Day 25 Friday, 9 June, 2006

The coughing began around midnight. As Natalie aptly described, by morning Aaron was becoming exhausted and discouraged. He could barely take 10 breaths between fits of coughing. There was considerable discussion and attempts at resolving suspected culprits, but no success. “Could it be irritation from the trach tube?” we wonder.

The trach tube is a small “L” shaped tube, abut the size of a ½ inch copper pipe elbow. One end of the elbow protrudes from the throat. A soft silicon rubber flange around the protruding end is stitched to the skin of the throat to hold it in place, and a band around the neck further secures the flange so this plumbing bypass will stay put. Around the opposite end of the elbow (which goes down the trachea) is a small, inflatable doughnut…like a miniature inner tube. After the trach tube is installed, the doughnut is inflated, forming an airtight seal between the outside of the tube and the inside of the trachea and forcing all the breath going in and out of the lungs to go through the tube and not through the mouth. It also prevents fluid and gunk in the mouth from dripping down the trachea and into the lungs.

A clever design feature of humans and other creatures makes double use of our breath: From “Freude schöner Götterfunken” to “I wanna hold your hand”, our voice is provided as a second thought by our breath on its way out after servicing the lungs. The trach tube, unfortunately, sidetracks the breath, bypassing the upper throat, so the larynx languishes in breathless silence.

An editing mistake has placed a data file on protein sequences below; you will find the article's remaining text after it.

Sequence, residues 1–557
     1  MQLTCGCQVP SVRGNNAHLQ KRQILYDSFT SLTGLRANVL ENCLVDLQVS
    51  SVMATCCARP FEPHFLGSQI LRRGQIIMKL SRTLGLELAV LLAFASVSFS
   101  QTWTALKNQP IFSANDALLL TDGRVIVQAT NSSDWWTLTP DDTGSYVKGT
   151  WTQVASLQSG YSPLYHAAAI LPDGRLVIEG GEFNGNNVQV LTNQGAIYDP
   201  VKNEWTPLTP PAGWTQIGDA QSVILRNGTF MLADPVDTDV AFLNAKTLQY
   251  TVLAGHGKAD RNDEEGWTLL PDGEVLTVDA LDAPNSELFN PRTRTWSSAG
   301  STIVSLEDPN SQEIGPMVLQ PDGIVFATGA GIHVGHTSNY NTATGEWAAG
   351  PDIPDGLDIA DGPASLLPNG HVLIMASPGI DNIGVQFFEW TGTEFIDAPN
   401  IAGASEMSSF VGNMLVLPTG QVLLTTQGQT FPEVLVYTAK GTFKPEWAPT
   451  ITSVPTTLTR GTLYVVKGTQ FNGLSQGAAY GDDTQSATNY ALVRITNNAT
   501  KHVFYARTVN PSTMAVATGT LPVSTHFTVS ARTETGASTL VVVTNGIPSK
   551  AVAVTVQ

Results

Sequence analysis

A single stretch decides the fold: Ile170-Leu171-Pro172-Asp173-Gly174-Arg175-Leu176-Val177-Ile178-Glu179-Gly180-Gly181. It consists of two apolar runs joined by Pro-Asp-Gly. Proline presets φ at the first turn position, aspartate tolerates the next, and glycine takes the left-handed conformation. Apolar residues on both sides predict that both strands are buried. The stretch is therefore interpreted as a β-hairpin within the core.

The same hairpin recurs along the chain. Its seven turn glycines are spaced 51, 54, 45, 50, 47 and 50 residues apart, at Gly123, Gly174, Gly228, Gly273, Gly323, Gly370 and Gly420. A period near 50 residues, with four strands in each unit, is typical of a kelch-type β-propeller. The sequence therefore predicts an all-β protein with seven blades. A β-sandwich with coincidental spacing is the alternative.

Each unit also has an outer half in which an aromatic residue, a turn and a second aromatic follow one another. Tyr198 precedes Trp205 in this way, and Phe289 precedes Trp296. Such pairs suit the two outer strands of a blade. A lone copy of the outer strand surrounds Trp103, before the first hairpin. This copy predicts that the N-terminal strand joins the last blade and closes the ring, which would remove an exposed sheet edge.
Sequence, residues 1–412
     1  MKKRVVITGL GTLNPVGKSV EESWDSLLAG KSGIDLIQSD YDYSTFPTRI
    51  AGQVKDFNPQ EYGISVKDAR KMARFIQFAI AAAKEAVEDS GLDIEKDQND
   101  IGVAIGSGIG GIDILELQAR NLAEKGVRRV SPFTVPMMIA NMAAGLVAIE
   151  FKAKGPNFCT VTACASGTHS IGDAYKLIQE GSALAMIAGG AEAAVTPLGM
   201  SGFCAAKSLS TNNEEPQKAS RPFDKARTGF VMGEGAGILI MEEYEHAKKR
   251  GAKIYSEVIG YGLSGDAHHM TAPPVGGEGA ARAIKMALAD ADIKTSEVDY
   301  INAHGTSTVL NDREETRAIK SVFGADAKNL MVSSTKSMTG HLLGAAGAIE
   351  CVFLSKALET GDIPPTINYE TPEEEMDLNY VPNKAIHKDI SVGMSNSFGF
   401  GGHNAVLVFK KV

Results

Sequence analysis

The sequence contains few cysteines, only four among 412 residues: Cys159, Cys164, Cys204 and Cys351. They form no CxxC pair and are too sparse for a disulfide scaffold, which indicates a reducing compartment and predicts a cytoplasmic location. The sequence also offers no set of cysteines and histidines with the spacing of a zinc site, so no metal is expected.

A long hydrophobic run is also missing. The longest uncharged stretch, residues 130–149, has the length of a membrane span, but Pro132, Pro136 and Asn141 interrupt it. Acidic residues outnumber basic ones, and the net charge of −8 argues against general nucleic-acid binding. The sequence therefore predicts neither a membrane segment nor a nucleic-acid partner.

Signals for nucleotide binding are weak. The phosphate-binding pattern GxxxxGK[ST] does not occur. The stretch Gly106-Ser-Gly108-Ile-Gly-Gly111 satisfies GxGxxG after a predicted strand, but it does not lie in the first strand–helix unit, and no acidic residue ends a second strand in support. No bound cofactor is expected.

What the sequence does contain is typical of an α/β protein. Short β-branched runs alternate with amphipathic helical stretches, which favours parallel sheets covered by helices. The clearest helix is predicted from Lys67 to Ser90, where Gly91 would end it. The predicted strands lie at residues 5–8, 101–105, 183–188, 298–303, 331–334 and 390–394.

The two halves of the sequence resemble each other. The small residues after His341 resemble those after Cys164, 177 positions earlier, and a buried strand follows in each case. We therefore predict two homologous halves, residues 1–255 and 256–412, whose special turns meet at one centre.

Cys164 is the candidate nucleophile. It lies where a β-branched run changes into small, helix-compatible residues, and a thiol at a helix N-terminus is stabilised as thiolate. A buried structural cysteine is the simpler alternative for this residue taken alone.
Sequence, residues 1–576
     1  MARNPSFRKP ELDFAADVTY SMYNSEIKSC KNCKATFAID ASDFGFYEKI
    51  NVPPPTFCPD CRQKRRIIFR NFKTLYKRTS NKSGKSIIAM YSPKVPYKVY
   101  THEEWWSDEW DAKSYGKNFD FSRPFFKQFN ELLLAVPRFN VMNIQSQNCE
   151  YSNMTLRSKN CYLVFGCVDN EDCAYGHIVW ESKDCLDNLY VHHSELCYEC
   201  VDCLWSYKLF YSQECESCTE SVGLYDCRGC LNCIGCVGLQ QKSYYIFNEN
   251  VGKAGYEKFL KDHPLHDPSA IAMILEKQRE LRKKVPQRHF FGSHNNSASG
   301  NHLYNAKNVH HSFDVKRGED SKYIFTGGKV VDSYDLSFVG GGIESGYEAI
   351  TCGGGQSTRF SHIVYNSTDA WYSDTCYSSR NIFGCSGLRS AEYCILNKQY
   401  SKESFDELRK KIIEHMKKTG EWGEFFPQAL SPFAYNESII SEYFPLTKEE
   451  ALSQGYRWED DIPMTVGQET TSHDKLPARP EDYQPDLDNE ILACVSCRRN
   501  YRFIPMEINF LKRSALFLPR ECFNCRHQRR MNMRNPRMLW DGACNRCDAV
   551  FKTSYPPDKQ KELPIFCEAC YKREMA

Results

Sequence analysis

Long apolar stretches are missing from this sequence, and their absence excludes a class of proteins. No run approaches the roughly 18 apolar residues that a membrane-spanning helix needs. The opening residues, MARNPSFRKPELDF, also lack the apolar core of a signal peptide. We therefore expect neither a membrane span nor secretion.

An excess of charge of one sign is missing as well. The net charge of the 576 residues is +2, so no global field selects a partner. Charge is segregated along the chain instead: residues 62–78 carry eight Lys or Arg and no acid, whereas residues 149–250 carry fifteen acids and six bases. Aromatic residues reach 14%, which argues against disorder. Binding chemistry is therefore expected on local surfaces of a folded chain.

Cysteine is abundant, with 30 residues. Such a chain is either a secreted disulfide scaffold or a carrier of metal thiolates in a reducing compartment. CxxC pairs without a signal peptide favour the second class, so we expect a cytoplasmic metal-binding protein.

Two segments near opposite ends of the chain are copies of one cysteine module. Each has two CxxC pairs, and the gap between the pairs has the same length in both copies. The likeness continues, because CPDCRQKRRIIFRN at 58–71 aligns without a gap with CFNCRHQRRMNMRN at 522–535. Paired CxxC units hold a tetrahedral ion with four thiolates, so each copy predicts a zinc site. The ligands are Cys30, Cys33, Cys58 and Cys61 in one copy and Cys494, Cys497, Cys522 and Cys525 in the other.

However, if the doughnut is deflated, breath may course along its designed path, and voice is possible without removing the tube. When the doughnut is deflated, fluid and gunk as well as breath may course from the mouth down the trachea.

We ask if deflating the balloon might reduce the irritation. Kamala answers from years of experience that it would make things worse. There seemed to be no solution to the coughing.

Then came the angel from Respiration. Suction around the inner tube, inflate to a higher pressure, and voila, the miracle: no more coughing. Kamala was right about the irritation getting worse if the doughnut is deflated….but no one suspected it might not have been not properly inflated in the first place. A question comes to mind: If your car starts coughing, should you check your tire pressure?

As part of the ongoing weaning, Aaron is completely removed from the ventilator for a couple hours; he does well. He spends most of the day resting and not as responsive as the last 2 days.

The pesky fever returns. Anne and Natalie help Awesome Donna (night nurse with oncology experience) help make Aaron comfortable and cool him the old fashioned, and much more effective than the cold-blanket technotraption, way….wet washcloths.

It works, and by midnight, the fever is gone.

We get no word on the enemy.

Author: a. c. boydston

Aaron is Alive!

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